A THOUGHT OF MANY COLORS Written by Arleen M. Kaptur
You have a great idea for a story or an article. Itís perfect and thought of sharing it with others knows no bounds.
There is your computer, your desk, and you are ready. Fingers on keyboard, and you click away putting those special thoughts into black and white form. Something is happening - it isnít same story - everything is different and someone stole your Emmy Award.
What happened? Between great ideas in your head and reality on paper - something did definitely happen. Before you check out latest crime statistics in your area, take a moment and a deep breath.
Your story is there but in your mindí eye it was complete, total, and without any errors or revisions necessary. It was just there - a perfect, pretty package that needed no ribbons or fancy paper. What you have on paper is reality - this is your story in form world will see. Your thoughts are there, words are there, but they do need ribbons and fancy papers.
Each person has their own way of thinking - their own way of reacting. We donít even think about it - itís just there. We donít flick a switch and we donít push a button. Itís just there and there is good. Every writer soon finds out what that burst of energy, that literary genius really is. Itís birth of a story, an article, a poem, or whatever final outcome will be. Without this ďsparkĒ there would be no literature in world.
Did you ever touch an outlet wrong way or pull a plug and that white/blue spark just rushes out? When that spark came, it made you jump. It motivated you to stop doing whatever you were doing. It directed you to take precautions. You realized that you had to do something at that very moment.
IN YOUR SHADOWWritten by Arleen M. Kaptur
There is an old saying: You can choose your friends but not your family. Everyone has certain choices to make in their lives, except for that one initial launch into this world. We are born and we are who we are - no decision on our part - not even chance at some suggestions.
Your entire being - color of your skin, your grandparentsí homeland, your entire genetic make-up is right there - and now you have a choice - you can do what you believe you can, or you can carry your sense of pride or shame with you your entire life and never reach goals and reap benefits you could have.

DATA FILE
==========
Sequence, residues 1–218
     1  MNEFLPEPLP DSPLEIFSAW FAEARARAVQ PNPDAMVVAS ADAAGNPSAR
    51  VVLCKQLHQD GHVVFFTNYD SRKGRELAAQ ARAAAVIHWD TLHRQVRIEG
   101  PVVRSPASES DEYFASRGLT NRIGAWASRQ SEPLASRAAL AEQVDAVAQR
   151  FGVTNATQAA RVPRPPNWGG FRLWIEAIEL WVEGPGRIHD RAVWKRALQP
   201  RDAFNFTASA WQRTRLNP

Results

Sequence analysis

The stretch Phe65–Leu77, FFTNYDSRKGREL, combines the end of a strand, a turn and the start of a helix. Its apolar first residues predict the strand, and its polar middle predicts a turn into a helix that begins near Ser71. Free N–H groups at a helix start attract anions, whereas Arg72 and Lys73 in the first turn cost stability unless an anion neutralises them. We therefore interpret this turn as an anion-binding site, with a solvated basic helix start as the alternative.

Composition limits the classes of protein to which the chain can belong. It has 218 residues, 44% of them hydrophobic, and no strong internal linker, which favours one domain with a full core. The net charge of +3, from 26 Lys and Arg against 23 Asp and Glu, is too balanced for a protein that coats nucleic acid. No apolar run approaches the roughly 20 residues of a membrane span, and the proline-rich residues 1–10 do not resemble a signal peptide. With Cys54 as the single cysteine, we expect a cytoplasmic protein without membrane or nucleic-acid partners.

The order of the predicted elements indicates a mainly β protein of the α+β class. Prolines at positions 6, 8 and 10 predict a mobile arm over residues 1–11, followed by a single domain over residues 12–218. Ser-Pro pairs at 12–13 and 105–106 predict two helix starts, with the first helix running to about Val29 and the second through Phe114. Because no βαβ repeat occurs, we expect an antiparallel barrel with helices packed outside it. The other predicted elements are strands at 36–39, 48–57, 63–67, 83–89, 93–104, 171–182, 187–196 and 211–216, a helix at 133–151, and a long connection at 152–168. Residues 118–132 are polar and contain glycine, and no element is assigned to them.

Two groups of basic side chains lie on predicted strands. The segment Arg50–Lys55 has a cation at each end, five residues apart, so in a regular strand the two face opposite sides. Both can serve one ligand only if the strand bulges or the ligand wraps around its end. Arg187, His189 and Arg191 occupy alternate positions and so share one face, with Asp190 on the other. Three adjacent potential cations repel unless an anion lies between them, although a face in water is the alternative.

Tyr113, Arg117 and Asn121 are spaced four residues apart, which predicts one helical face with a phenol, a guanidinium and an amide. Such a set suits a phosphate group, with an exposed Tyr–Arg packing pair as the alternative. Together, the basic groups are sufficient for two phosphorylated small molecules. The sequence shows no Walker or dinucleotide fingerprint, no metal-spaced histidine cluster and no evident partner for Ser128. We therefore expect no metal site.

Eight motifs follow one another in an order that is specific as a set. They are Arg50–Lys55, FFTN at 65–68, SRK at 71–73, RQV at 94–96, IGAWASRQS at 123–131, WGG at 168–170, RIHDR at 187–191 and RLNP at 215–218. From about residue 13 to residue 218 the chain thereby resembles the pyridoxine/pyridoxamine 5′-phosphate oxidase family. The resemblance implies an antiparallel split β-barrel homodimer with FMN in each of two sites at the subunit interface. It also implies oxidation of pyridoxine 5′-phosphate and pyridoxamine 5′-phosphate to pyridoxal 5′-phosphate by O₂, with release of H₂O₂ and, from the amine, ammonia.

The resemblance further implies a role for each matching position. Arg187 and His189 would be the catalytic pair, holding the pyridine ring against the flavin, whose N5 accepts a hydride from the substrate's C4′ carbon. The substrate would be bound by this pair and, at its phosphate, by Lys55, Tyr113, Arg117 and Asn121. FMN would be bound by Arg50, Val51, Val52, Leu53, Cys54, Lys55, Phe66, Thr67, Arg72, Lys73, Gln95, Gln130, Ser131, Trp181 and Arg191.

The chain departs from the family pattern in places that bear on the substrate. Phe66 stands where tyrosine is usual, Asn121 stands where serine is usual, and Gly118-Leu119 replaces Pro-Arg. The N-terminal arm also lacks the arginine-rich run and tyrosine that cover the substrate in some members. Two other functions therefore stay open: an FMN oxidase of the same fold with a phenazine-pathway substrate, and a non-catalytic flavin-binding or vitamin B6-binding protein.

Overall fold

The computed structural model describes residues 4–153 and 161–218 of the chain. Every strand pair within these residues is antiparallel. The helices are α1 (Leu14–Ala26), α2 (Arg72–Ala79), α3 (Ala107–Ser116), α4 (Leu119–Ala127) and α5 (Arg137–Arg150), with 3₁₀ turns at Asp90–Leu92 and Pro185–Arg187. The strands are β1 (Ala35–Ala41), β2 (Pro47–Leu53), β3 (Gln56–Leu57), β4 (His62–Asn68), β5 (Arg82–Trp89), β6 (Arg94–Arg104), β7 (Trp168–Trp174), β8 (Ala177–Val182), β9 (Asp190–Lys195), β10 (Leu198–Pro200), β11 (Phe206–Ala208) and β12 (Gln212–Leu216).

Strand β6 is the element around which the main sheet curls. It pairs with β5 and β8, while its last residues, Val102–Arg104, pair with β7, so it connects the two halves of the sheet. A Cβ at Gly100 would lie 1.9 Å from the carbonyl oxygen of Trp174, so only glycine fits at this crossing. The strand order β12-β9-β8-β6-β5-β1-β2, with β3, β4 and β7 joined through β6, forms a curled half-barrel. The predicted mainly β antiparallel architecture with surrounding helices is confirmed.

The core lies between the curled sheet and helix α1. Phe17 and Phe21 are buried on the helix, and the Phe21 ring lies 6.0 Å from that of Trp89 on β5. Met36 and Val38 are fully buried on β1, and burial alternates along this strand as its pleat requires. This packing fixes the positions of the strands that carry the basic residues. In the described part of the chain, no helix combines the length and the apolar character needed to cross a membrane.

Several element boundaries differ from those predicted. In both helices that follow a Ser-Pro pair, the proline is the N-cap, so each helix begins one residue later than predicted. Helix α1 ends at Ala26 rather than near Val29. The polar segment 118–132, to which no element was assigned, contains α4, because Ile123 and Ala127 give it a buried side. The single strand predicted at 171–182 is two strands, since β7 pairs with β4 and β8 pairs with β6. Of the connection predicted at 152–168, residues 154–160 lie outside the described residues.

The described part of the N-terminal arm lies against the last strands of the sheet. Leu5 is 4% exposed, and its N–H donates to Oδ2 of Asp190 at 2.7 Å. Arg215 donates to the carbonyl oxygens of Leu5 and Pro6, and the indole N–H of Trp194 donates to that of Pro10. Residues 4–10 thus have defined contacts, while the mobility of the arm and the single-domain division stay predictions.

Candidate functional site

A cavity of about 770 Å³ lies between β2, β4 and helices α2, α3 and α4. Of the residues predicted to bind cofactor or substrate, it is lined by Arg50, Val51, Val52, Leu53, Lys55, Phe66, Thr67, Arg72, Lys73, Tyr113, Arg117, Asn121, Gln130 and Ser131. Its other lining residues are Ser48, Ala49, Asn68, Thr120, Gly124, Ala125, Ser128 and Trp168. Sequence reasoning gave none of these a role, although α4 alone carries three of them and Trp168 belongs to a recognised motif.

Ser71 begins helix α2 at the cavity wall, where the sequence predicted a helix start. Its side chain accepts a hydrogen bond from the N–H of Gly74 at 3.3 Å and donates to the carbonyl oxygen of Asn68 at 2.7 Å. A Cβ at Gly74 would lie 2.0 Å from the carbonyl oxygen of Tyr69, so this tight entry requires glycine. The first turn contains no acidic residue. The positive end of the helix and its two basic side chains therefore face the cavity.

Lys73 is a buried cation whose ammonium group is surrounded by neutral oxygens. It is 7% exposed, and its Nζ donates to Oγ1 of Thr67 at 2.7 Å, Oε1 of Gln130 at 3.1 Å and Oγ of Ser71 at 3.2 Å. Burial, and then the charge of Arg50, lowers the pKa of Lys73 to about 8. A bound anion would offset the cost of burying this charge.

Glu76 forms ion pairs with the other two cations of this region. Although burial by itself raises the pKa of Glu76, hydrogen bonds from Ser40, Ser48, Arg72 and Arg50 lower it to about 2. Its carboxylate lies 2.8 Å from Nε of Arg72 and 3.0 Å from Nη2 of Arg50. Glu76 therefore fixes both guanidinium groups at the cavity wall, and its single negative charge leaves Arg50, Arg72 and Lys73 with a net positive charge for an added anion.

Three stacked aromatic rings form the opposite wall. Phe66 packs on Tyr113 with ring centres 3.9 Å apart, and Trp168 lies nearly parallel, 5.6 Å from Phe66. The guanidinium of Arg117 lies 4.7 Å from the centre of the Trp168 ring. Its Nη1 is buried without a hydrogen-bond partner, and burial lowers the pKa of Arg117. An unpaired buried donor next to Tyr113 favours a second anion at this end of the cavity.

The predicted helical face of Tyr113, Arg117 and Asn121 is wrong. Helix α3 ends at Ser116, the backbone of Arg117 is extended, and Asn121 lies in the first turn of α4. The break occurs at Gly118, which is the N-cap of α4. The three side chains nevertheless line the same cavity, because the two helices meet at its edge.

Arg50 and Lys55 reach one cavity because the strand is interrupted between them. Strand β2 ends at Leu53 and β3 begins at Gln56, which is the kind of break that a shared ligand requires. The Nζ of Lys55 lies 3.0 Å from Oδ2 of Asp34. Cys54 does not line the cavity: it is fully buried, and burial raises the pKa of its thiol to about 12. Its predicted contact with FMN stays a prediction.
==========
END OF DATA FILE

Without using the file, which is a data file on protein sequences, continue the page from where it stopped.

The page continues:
Writing is a career where choices from very beginning are yours. In a sense, you create your character, give him all his genetic qualities, and then even write history for his ancestry. You are in control of who, what, where, and when. However, as with any choice, there are drawbacks as well as advantages. If your character is not a member of your particular ethnic, religious, or race group, your ability to relate and to transmit ideas run into a brick wall, so to speak. Sure, you can put yourself in their place, but it would be according to your standards, and your beliefs. This ingrained system of standards and beliefs were taught to you by your parents, relatives, environment. and world itself. Now that you have decided to write, how do you overcome this stumbling block?
The literary piece you give birth to should be as factual as possible, even though it is a fictional piece. If you feel you can, just in your own mind, place yourself in someone elseís soul, forget it. You canít because only person you can reach into and enter their very being is yourself. Now what do you do? The answer is reach out, network, and include everything in your research work. Listen to both sides of coin, and if you donít agree, notion to state your carved in stone moral or otherwise statements are irrelevant. Your reader needs to place themselves in your characterís heart and see world through his/her eyes. A slight remark made to one person may be a monumental insult to an individual of another genre. Donít judge, or build up or belittle circumstances. State them exactly, as best you can, from that literary personís inherited background and make-up.